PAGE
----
Warren Lee Lewis
1. Who is a Franchise Seller?
If you are an officer, employee, representative or broker involved in the offer or sale of franchises, you are a "franchise seller."
Your involvement in the offer or sale of franchises may be obvious, such as if you are a salesperson actively pursuing franchisee prospects for a franchisor, are signing agreements with new franchisees, or are accepting payments from new franchisees.
Or, your involvement may be less obvious, such as if you are participating as a finder or consultant in discussions with prospects about their business interests, pre-screening prospects through questionnaires, recommending franchise options, or assisting prospects in completing franchise application forms.
In either case, you are involved in the offer and sale of franchises, making you a franchise seller - who has to comply with a number of regulations.
2. What are Your Obligations as a Franchise Seller?
As a franchise seller, you must comply with the FTC franchise rule and numerous state laws that regulate the offer and sale of franchises.
The FTC franchise rule requires a franchisor to prepare a Franchise Disclosure Document, known as an FDD; to keep the FDD updated as "material changes" occur, new audited financials are issued and new fiscal years phase in; to follow and have its franchise sellers follow basic franchise sales steps in dealings with prospects; and to modify the basic franchise sales steps in certain special situations.
In addition, the FTC franchise rule permits and prohibits specific activities during the franchise sales process. The FTC franchise rule does not require a franchisor's FDD to be filed with the FTC, but it does permit the FTC to investigate and punish franchisors and franchise sellers believed to have violated the rule.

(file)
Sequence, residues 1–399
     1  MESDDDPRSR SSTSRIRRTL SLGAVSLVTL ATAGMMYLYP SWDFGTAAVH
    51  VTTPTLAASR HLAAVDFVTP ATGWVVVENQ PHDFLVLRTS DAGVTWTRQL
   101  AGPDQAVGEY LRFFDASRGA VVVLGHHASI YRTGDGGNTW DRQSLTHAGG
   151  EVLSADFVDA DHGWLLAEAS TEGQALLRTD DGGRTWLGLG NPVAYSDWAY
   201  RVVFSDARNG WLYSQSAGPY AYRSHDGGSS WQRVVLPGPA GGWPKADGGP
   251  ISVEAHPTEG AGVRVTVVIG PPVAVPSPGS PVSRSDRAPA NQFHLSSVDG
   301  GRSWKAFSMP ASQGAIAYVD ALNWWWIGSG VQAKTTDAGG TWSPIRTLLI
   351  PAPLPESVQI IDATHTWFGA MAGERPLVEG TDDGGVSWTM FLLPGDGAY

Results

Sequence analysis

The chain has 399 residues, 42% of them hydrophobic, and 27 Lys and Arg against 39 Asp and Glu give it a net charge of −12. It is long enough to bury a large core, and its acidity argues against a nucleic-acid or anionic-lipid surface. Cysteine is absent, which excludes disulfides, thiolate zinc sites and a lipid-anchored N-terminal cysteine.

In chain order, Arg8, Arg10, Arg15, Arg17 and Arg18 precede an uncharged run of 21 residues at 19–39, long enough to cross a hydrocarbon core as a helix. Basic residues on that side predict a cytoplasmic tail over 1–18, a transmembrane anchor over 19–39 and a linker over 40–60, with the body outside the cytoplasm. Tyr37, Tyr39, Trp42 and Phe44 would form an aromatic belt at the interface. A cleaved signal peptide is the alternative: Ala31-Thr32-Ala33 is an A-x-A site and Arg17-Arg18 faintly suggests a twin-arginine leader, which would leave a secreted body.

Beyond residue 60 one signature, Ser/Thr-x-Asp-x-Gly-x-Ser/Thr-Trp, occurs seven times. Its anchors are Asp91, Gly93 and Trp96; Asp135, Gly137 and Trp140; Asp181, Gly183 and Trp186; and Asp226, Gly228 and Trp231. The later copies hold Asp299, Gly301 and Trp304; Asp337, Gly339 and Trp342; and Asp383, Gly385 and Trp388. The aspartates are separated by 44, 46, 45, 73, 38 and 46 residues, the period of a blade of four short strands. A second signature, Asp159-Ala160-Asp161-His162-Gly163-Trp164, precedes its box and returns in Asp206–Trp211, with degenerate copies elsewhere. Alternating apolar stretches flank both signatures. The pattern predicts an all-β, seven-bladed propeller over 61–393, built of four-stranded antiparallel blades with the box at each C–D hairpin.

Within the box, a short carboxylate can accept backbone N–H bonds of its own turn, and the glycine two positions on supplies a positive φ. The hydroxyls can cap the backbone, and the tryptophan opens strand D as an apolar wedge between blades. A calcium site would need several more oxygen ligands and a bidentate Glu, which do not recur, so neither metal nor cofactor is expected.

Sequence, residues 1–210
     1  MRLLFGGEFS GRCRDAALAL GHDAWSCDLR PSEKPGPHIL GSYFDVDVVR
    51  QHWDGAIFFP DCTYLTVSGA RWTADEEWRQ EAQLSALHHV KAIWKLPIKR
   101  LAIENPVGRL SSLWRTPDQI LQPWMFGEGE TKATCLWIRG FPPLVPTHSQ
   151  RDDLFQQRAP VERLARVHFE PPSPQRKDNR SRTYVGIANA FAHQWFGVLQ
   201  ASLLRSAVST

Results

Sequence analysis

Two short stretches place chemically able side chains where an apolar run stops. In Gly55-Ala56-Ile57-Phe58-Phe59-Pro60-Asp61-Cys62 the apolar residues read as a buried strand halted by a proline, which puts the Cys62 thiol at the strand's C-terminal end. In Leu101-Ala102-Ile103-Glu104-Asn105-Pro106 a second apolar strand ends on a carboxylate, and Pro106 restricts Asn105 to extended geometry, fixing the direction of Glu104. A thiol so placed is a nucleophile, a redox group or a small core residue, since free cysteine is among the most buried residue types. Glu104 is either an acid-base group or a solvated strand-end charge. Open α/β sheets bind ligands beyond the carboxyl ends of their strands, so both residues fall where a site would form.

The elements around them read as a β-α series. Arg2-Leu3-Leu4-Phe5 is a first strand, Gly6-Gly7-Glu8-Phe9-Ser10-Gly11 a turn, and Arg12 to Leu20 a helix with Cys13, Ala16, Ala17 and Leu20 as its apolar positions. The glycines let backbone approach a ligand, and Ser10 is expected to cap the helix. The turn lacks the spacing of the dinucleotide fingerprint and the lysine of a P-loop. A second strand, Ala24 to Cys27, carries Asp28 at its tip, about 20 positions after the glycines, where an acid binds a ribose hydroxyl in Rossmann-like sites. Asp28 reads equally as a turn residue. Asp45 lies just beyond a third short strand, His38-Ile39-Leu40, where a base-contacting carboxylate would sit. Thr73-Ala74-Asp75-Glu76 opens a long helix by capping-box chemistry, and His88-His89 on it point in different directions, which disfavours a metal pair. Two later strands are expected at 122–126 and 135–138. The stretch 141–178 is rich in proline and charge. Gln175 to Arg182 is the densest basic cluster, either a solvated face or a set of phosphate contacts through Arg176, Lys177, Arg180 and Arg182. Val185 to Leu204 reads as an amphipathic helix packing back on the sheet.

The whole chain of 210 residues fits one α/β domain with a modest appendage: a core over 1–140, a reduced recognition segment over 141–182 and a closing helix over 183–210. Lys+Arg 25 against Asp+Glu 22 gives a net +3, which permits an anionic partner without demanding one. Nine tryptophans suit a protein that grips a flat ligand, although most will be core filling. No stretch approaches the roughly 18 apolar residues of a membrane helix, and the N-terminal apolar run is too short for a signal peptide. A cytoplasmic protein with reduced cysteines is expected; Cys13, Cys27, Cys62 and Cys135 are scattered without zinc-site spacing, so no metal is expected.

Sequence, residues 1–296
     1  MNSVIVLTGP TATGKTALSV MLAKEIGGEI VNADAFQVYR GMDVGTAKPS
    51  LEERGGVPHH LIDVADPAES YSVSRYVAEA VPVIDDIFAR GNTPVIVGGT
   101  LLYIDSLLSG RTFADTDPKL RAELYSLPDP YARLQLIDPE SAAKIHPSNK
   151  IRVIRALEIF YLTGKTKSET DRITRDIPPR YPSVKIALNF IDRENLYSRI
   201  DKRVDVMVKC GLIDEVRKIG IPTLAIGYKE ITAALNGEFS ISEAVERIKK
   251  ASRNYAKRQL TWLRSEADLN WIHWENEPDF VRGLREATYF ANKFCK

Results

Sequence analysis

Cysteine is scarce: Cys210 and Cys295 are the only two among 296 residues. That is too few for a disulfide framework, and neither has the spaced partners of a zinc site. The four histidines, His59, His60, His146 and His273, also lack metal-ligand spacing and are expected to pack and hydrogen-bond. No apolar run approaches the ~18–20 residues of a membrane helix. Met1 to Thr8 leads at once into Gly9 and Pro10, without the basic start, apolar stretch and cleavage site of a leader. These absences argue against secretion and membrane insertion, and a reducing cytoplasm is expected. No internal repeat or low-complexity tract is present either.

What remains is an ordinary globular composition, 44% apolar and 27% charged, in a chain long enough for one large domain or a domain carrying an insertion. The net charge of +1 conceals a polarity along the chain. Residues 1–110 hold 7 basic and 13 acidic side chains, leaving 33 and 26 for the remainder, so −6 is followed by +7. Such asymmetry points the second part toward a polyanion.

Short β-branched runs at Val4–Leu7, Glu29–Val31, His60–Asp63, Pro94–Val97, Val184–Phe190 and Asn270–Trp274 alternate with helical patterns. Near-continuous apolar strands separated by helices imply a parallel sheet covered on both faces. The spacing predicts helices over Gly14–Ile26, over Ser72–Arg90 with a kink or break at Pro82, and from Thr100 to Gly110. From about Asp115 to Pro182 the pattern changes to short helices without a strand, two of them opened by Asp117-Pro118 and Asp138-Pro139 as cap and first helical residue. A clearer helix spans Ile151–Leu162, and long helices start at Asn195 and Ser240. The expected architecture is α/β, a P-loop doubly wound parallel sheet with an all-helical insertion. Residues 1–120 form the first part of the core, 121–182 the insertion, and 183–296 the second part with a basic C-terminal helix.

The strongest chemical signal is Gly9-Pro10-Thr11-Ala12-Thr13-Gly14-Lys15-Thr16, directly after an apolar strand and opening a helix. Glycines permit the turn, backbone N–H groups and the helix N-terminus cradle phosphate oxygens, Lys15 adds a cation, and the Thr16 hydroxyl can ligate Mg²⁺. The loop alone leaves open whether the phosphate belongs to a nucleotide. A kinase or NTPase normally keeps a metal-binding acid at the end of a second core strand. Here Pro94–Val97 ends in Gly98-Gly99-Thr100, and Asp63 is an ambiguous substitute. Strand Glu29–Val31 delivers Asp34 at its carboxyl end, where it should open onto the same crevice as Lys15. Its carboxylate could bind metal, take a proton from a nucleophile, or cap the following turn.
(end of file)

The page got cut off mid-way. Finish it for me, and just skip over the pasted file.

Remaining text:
3. What are the Penalties for Non Compliance?
If you do not meet your obligations under the FTC franchise rule and state franchise disclosure laws ("state laws"), you and the franchisor you represent could suffer significant penalties.
The most frequent penalty is a claim or lawsuit by a franchisee which is costly to defend, and which results in a settlement or judgment requiring the franchisor to rescind or void the franchise agreement, refund the franchisee's payments, or reimburse the franchisee's damages, attorney's fees and costs.
This penalty can be financially debilitating or devastating.
Another common penalty is the loss of your job or relationship with a franchisor.
The states often seek penalties, including orders which must be disclosed to prospects for 10 years or longer, monetary payments to franchisees or the states, or restrictions on your future business activities.
In some instances, a penalty may be an FTC investigation that results in an order which you must disclose to future prospects, a freeze of your assets, civil penalties of up to $10,000 per violation, payments to franchisees, or an injunction.
In rare instances, a penalty may be a state criminal prosecution against you.
Hopefully, your desire to make legal franchise sales and this array of possible penalties will motivate you to make a serious effort to meet your legal obligations during the franchise sales process.
4. How to Effectively Comply.
Education which leads to permanent changes in business methods is the best way to effectively comply with the franchise sales laws.
To facilitate this process, we, at Akerman, have identified 11 distinct steps of franchise sales compliance which need to be understood.
Here are the 11 steps.
Step 1: Have a Current FDD
Step 2: State Registration or Notice
Step 3: Notice of FDD Formats Available
Step 6: Minimum Disclosure Timing
Step 7: Receipts
Step 10: Execution of Agreements
Step 11: Post-Sale Obligations
If you would like all these tips in a bound book, for a handy desk reference, sign up for the Franchise Seller's Handbook.
Warren Lewis represents clients on domestic and international franchising, licensing, trademark, copyright, unfair competition and anti-trust counseling, registration and litigation matters.
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